Texas senator John Cornyn today introduced new legislation aimed at halting mass shootings in the US.
He announced the bill with an op-ed in the El Paso Times and Odessa American, publications in cities in his state targeted by shooters this summer. “Sandy Hook, Orlando, Las Vegas, Sutherland Springs, Santa Fe, and most recently–El Paso and Midland-Odessa,” the senator wrote. “Across the nation, city names have become trending hashtags as acts of mass violence have rocked communities, and claimed the lives of innocent people.”
Cornyn hopes his bill can curb this disturbing trend. It’s called the RESPONSE Act, short for Restoring, Enhancing, Strengthening, and Promoting Our Nation’s Safety Efforts.
It proposes a slew of initiatives to do this, some of which seem wiser than others.
Laudably, the RESPONSE Act is focused on improving mental health services by adding more outpatient facilities, expanding the mental health workforce, and creating more treatment and intervention task forces nationwide. It would also add funding for mental health treatment in the criminal justice system.
The bill targets unlicensed gun dealers, which seems sound. Cornyn noted in his post today that the Midland-Odessa shooter failed a background check at a licensed firearms dealer, but was still able to purchase weapons from an underground dealer. His bill proposes the creation of nationwide task forces to investigate and prosecute illegal gun sales, and purchasers who provide false statements as part of a background check.
Still, some initiatives give pause, and one is downright alarming.
Cornyn doesn’t mention the most shocking of his proposals in his op-ed—perhaps that was intentional. The RESPONSE Act seeks an expedited death penalty process under state laws for people convicted of mass terrorism crimes, limiting their federal appeals. In other words, the senator is urging his fellow lawmakers to pass legislation undermining due process of law.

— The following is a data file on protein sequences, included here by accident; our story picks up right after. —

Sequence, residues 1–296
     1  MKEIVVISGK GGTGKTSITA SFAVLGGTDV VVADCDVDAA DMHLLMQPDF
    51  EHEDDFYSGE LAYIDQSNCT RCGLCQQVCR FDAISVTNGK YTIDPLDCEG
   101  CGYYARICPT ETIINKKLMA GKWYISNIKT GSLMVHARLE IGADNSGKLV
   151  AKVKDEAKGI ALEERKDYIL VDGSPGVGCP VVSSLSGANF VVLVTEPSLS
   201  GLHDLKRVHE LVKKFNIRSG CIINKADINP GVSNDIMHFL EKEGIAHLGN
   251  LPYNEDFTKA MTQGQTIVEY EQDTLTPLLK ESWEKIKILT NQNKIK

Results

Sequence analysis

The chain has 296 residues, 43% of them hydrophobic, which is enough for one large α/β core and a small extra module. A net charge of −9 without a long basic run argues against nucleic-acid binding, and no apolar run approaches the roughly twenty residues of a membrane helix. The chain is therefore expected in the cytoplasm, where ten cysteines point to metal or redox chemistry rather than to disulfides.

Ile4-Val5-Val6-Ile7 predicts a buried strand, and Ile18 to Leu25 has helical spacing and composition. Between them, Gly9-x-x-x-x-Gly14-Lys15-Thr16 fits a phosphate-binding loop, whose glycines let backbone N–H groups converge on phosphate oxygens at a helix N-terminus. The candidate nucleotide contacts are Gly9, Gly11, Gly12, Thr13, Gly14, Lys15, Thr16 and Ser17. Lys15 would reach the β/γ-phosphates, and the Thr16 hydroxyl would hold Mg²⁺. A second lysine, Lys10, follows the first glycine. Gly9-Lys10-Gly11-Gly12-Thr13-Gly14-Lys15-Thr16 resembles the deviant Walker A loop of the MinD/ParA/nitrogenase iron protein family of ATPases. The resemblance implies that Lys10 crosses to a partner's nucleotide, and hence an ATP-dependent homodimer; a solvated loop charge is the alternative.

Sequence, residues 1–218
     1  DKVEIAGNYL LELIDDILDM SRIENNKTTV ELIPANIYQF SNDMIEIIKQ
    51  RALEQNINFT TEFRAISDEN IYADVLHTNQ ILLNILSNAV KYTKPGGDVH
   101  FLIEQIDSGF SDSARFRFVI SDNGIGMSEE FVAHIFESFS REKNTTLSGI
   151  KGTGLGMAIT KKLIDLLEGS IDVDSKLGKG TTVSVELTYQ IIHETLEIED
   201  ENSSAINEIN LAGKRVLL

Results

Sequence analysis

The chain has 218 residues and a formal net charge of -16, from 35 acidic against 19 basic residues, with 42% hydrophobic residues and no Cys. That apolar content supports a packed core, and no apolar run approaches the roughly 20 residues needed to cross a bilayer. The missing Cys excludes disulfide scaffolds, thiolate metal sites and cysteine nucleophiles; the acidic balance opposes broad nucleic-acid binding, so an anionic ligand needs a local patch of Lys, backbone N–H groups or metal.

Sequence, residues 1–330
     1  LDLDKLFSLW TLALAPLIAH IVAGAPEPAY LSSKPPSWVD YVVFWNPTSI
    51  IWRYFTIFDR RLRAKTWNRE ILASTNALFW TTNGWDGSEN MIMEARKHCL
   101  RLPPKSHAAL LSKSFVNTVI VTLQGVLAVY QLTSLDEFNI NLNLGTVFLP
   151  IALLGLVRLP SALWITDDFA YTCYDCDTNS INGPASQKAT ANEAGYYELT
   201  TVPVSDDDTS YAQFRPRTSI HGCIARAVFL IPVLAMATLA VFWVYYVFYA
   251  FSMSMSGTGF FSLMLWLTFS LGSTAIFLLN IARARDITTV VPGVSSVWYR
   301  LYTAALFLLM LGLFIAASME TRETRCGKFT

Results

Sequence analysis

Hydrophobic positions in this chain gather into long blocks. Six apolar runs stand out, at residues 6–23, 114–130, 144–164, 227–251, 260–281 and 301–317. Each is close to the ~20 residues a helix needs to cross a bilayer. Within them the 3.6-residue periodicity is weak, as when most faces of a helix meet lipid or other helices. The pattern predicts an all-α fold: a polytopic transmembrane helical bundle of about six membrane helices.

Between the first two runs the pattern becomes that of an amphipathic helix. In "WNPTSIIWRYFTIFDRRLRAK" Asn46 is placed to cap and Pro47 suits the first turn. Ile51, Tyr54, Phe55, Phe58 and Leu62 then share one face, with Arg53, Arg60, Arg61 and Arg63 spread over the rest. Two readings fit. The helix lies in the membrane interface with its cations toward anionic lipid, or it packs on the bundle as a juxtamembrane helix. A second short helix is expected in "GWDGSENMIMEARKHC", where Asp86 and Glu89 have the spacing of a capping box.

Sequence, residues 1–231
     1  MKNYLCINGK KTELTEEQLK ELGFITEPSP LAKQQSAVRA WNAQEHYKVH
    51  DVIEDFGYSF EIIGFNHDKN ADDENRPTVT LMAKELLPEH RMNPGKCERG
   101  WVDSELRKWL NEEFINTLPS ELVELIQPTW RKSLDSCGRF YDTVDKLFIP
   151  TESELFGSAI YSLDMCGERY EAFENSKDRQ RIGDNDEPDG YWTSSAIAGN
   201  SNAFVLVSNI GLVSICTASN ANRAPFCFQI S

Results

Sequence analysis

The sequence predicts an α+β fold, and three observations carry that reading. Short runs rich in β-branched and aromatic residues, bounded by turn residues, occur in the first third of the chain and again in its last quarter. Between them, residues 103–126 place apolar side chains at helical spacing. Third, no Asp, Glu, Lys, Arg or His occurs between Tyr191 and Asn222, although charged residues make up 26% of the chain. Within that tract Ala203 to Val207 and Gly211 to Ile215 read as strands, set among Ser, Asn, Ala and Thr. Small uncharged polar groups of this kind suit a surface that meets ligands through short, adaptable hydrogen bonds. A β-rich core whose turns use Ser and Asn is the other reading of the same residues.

That is worrisome because due process of law exists to protect all of us, and especially people whose life the state plans to take. Wherever a person stands on use of the death penalty, we can perhaps agree that a punishment so severe must be subject to the law’s full scrutiny, instead of less than usual.
Another somewhat disturbing initiative in the RESPONSE Act will encourage internet service providers and online platforms to “collaborate” with law enforcement by sharing more information. It “clarifies that they have the authority to share information with law enforcement concerning acts of mass violence, hate crimes, or domestic terrorism.”
This is worrying because we don’t know how the platforms and services we use will interpret this clarification and precisely what information falls in these categories. But we can be sure that this is one more threat to online privacy in a time when it seems, societally, we’re already vulnerable.
Finally, the RESPONSE Act proposes school safety improvements, all a little creepy in their way. Cornyn wants to fund more active shooter training for teachers, and he wants schools to monitor students’ internet use for disturbing signs, and to create intervention teams that monitor kids for signs of imminent violence, which in theory sounds fine if you don’t mind the surveillance.
If the legislation passes and these initiatives get underway, the reality will surely be more complicated as educators grapple with what to watch for and report and the consequences of the calls they make for kids who have perhaps done no harm.
Five Republican senators co-sponsored the bill with Cornyn. He called on the rest of his colleagues to pass the act, writing, “I spent time with families and victims in El Paso and Midland-Odessa following those tragedies and pledged to work with my Senate colleagues on real solutions…I urge my colleagues to come together once again to pass the RESPONSE Act to help prevent mass shootings and put a stop to this senseless loss of life.”
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